The production and size of nutsedge tubers did not respond consistently to ozone in these experiments, and increased in many plants. Further studies are under way to determine if elevated ozone concentrations stimulate biomass allocation to the reproductive tubers, as predicted from other plant responses to abiotic stress.
A significant but hidden aspect of ozone crop damage is reduced growth below-ground, demonstrated here following exposure of plants to elevated ozone levels. Left, an intact cotton root system is scanned into a computer for an automated analysis of root length and morphology. Right, ozone causes changes in cotton root respiration, measured with a computerized oxygen electrode system.
Weed competition with crops
Cotton and nutsedge
At the low ozone concentration, competition with nutsedge — averaged over all population ratios — reduced the shoot biomass of cotton by 22% (fig. 3). At medium ozone, cotton was slightly more sensitive than nutsedge, particularly belowground, and the loss due to nutsedge competition was closer to 50%. At high ozone, the relative loss due to nutsedge competition was similar to that at medium ozone, although cotton growth was reduced to very low levels even in the absence of competition. This reduction in cotton growth by the presence of nutsedge (P = 0.005) reflected the greater weakening of cotton than nutsedge by ozone and the resulting enhanced vigor of nutsedge grown in direct competition (fig. 3). This was particularly true at medium ozone because at high ozone nutsedge was also affected and appeared to be less competitive with cotton. Nutsedge inhibited cotton growth much more at high than at low ozone.
Tomato and nutsedge
At the low ozone concentration, competition — averaged over all population ratios — reduced tomato shoot biomass by about 15% (fig. 3). However, in contrast to cotton, at medium ozone there was no additional impact of nutsedge competition on tomato growth. The reductions of biomass by medium ozone and by competition were similar and not increased by the combination of both stresses. At high ozone there was little further effect on tomato alone but a slight increase in the inhibition of tomato shoot biomass due to nutsedge competition. Because nutsedge was more sensitive to ozone than tomato, the shoot biomass of tomato was most affected by competition with nutsedge at low ozone (P = 0.055)(fig. 3).
Tomato root productivity was more sensitive to ozone (30% reduction; P = 0.096) than nutsedge root productivity was (19% reduction; not significant) (fig. 2B). At medium ozone, tomato root biomass declined by 20% while nutsedge was unaffected.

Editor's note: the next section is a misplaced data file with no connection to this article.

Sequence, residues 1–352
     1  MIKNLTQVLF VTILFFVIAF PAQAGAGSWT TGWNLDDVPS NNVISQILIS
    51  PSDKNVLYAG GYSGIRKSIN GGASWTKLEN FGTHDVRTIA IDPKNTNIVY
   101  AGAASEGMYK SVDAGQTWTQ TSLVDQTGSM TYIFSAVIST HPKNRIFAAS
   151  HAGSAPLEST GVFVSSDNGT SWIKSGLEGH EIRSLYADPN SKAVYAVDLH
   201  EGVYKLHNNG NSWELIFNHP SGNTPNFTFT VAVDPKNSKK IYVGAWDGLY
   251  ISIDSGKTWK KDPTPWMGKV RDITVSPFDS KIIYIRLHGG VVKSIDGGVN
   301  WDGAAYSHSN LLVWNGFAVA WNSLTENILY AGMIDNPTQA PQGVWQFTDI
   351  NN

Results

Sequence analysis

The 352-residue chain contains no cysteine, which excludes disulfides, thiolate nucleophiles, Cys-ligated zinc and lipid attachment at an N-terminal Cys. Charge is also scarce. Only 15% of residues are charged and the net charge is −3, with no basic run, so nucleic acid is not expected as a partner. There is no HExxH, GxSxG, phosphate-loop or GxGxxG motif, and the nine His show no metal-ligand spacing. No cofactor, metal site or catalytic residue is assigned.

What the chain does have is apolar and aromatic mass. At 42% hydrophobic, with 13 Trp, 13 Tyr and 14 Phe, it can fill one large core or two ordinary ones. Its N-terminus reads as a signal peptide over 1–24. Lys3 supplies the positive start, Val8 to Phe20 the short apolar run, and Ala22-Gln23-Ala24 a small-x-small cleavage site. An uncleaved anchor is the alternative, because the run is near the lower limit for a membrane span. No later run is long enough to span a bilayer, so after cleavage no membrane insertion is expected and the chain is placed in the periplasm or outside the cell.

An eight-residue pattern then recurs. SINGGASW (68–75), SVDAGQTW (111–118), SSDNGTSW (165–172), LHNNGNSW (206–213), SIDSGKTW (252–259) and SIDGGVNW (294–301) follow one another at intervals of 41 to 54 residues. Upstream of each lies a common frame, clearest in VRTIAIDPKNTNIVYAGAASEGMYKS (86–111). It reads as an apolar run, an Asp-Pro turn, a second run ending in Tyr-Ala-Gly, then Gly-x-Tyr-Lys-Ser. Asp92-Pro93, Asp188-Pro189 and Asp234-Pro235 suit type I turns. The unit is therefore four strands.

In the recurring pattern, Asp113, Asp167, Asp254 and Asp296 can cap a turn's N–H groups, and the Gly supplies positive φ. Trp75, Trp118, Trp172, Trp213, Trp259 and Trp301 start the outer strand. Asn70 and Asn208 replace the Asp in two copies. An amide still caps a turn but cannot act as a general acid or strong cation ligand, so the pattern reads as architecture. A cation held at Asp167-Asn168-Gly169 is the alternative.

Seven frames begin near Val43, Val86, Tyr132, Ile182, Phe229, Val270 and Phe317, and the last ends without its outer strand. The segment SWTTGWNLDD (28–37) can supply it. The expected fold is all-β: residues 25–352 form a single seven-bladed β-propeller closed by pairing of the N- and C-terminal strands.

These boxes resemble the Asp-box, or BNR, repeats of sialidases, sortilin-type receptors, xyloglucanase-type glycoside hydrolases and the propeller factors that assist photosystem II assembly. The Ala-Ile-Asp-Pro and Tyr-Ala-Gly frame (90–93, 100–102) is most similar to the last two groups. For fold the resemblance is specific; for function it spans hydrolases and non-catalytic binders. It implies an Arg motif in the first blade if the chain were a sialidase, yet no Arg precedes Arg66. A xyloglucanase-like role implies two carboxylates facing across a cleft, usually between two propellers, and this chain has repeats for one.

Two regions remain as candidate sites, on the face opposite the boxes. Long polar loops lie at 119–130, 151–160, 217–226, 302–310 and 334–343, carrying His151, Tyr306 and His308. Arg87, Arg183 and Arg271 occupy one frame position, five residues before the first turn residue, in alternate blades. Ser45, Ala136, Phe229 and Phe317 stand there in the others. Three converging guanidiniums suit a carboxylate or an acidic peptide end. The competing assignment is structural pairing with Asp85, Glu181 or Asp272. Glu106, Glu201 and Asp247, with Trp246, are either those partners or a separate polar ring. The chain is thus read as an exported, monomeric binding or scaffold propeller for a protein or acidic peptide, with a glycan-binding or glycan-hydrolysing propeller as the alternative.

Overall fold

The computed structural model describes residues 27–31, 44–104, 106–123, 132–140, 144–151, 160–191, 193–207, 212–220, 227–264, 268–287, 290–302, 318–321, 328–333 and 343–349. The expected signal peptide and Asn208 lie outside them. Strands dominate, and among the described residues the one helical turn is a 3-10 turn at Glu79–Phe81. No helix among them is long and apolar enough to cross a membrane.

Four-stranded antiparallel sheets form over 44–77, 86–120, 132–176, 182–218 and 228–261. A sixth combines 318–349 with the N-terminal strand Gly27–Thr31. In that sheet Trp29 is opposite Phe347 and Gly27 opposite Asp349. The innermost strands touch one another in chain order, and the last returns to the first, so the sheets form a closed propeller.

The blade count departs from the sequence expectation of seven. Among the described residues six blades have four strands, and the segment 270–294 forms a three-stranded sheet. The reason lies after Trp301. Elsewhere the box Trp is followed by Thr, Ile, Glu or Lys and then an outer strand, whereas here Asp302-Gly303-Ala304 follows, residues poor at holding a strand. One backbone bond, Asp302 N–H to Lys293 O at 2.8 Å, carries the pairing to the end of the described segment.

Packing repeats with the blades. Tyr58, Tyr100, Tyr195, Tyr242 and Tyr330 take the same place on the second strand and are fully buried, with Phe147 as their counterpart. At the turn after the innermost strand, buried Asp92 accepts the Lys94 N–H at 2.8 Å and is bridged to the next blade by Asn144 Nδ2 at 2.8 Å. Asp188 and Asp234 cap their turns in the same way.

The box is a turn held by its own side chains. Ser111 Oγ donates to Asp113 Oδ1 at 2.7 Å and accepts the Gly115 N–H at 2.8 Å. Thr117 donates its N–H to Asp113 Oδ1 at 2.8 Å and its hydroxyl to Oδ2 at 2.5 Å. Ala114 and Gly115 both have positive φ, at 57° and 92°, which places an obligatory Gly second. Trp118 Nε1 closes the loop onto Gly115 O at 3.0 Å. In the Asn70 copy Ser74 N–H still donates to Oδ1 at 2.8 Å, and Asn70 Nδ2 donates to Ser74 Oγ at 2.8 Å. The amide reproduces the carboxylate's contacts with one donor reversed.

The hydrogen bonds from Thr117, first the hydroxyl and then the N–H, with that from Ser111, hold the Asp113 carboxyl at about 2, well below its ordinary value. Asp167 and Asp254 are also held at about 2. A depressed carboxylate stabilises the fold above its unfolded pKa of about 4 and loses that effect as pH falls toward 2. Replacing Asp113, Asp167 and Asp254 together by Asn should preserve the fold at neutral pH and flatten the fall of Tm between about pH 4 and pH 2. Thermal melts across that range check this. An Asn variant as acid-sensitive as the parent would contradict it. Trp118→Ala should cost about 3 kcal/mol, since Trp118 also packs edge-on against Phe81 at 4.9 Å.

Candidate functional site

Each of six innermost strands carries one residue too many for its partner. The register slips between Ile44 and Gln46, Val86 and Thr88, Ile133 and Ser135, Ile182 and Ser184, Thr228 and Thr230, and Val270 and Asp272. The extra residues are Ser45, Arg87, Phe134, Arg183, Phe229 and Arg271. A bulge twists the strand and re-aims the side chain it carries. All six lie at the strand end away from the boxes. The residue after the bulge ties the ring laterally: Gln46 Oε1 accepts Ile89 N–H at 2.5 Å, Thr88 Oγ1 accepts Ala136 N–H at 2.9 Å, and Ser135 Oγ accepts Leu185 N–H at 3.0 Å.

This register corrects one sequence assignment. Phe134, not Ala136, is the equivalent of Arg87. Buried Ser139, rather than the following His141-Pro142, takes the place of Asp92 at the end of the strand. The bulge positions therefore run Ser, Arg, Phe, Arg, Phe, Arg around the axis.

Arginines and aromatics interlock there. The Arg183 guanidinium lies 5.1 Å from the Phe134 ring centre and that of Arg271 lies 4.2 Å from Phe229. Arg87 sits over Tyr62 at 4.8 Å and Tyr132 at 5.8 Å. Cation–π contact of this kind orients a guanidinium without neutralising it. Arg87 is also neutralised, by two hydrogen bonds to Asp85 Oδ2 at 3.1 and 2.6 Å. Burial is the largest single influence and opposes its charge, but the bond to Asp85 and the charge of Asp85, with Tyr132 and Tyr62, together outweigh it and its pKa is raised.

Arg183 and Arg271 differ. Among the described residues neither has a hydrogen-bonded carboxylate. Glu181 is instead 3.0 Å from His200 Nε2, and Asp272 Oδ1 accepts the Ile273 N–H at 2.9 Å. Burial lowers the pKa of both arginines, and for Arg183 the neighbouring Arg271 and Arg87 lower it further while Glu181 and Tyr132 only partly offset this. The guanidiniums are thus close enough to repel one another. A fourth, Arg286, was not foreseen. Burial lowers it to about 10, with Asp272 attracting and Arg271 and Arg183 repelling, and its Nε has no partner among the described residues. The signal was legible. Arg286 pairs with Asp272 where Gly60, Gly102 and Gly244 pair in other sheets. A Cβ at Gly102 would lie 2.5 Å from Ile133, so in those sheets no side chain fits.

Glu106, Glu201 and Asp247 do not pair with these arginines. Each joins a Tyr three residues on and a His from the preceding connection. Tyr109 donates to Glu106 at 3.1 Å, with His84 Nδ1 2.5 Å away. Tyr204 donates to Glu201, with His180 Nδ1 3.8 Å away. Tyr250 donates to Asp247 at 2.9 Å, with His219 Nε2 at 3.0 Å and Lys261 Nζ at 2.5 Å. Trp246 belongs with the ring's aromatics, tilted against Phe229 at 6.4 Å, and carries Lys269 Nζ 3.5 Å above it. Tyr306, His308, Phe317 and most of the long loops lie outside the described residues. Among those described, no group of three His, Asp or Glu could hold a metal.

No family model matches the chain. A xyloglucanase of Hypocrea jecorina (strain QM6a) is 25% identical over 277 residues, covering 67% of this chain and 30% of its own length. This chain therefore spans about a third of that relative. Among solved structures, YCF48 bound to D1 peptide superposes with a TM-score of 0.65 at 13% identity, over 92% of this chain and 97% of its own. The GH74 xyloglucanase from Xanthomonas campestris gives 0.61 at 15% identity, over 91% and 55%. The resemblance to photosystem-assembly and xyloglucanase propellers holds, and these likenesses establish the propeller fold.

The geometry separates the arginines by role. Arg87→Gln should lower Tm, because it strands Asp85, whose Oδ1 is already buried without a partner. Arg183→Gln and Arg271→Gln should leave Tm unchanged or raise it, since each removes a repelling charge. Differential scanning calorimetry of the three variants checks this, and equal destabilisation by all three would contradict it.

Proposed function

The nutsedge shoots in the highest ozone concentration drooped over the side of the pots, further decreasing nutsedge competition for light. As observed previously for the interactions of these two species (Santos et al. 1997), tomato had a competitive advantage over nutsedge in light interception. In our studies, this advantage increased with ozone concentration. Tomato was more sensitive to ozone than nutsedge, particularly near ambient (medium) ozone, but nutsedge was more sensitive to competition than tomato.
Air pollution and agriculture
Ozone air pollution continues to be problematic in rural areas such as the San Joaquin Valley. Single-factor ozone exposure experiments have consistently indicated that ozone now causes economically significant losses in the yields of most crops, and this will get worse if current trends in rural population density continue. This conclusion is unlikely to change with further research. More complex, multifactor experiments are now required to allow more accurate estimates of current losses in specific crops, and to provide a basis for predicting losses in future presumably warmer climates. In particular, this will require consideration of the impact of ozone on the complex interactions that characterize agroecosystems, including the ozone sensitivity of crops, competing vegetation and other pest species, and on the dynamics and mechanisms of specific competitive relationships among these species. So far, this important work has only just begun. The exposure facilities recently completed in the new research greenhouse at KREC will allow us to bring further quantitative techniques to bear, particularly on the belowground competition between these crop and weed species.
In the Pima cotton-nutsedge system, cotton was more strongly affected at high ozone concentrations than nutsedge, was more inhibited by nutsedge competition, and was less able to compete with nutsedge at near ambient (80 ppb) ozone concentrations than in clean (15 ppb) air. In the tomato-nutsedge system, tomato was only moderately sensitive to ozone compared with cotton or nutsedge, competed well with nutsedge at all levels of ozone, and did not lose any competitive advantage with rising ozone concentration. Nutsedge tuber production may have increased at high ozone concentrations. This weed may become more difficult to control, spread more rapidly and require greater use of herbicides or other control strategies, particularly in ozone-sensitive crops such as Pima cotton. These results indicate the variety of impacts that climate change, including rising ground-level ozone, may have on important crop production systems.
Yellow nutsedge may become more difficult to control, spreading more rapidly and requiring greater use of herbicides, particularly in ozone-sensitive crops such as Pima cotton.